The Federal Government has said that it is making concerted effort to provide electricity more in the rural areas, and use the presence of energy to grow the small and medium income enterprises (SMEs) in the country.

The Minister of State for Power, Mr Goddy Jedy-Agba, who spoke on Tuesday in a meeting with some stakeholders and newsmen in Abuja on the plan, said giving more attention to the electrification of rural areas in the country will offer great opportunity to small-scale businesses to survive.
According to him, investigations have shown that it is easier to recover electricity bills from rural dwellers than urban dwellers. “Travelling by road from here through Nassarawa State, you see fruits and food on the road wasting. If there’s power, industries can be cited to process those fruits and sell them.

“If you go to Korea, you see these things. The woman who sells roadside food can grind pepper. If artisans have light, their trade will improve.

“There’s a community in Niger State that we electrified last year. When they saw the light, it was like, permit me to say, Jesus came down to them. The villagers pay for light, but you and I don’t. We consume and complain,” the minister narrated.

Jedy-Agba said that the federal government would continue to provide power for under-served communities in Nigeria so as to encourage people who live outside the towns and cities to engage in small businesses and preserve farm produce by processing them. Adding that it would also to discourage rural/urban emigration.

Present at the meeting were the Managing Director, Rural Electrification Agency (REA), Mr Ahmad Salihijo; Managing Director, Nigerian Electricity Management Services Agency (NEMSA), Mr Peter Ewesor; and Director General, National Power Training Institute of Nigeria (NAPTIN), Ahmed Nagode.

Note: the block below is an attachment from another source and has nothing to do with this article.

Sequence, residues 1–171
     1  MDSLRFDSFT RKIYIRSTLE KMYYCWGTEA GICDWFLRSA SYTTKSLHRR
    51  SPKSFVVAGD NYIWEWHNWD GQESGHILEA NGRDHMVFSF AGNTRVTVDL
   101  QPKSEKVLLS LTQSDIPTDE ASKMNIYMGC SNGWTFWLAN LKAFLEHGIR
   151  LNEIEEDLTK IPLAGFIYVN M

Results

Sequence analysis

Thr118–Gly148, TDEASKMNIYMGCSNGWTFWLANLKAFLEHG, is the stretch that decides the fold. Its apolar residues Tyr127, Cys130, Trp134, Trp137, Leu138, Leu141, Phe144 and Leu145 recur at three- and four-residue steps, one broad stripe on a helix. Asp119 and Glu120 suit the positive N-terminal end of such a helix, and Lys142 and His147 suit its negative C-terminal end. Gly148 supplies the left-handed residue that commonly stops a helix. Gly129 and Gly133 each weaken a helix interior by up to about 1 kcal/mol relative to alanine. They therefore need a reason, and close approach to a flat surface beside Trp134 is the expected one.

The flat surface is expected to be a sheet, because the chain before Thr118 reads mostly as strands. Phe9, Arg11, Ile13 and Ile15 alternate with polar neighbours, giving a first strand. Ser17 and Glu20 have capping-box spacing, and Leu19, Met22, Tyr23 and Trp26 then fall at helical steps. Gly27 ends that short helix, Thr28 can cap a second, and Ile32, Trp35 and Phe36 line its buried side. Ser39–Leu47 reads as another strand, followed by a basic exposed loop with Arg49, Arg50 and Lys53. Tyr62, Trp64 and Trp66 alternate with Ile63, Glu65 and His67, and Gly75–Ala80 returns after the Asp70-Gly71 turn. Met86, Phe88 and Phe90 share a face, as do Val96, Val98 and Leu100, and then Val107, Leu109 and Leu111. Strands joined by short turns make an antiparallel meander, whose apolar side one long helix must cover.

In his remarks, the MD of Nigerian Electricity Management Services Agency, Peter Ewesor, restated the ban on the misuse of the 33KV lines in the country, noting that it was one of the major causes of load shedding. He said NEMSA would continue to monitor all categories of electrical installations to ensure safety in the industry, insisting that no electrical installation in Nigeria can be constructed without the certification of the organisation.
Ewesor confirmed that NEMSA had carried out the inspection of over 5,652 new electrical installations nationwide in the last few months. “When we test transformers, they should be able to transfer voltage from 330 KVA to 132 KVA or 132kv to 33kv and 33 to 11 which we use in houses. They need to meet requirements.
“A lot of transformers are imported whose specifications are at variance with regulations. Somebody will install 500kv transformer, then use 150 mm as the output cable. What that means is that if the transformer is utilised to highest capacity it’s expected to deliver, it will cause disaster.
“This has led us to issue directives in the power sector for the enforcement of technical standards, specifications and regulations. One of them is that you can no longer use 33kv primary feeder line that’s supposed to carry power from transmitting station to 33/11 kv injection substations.
“They are supposed to carry power to substations, which will produce 11/415. We have issued a directive. In line with regulations and resolution of the National Council on Power, there are minimum sizes of conductors for primary and secondary distribution.
“People in the 11 kv platform don’t have more than two or three hours of supply. No matter the effort, if power don’t get to the people, then all efforts are in vain. The regulation does not allow 33kva line for secondary distribution.”

Chibisi Ohakah, Abuja

Be the first to know when we publish an update

Be the first to know when we publish an update

Leave a Reply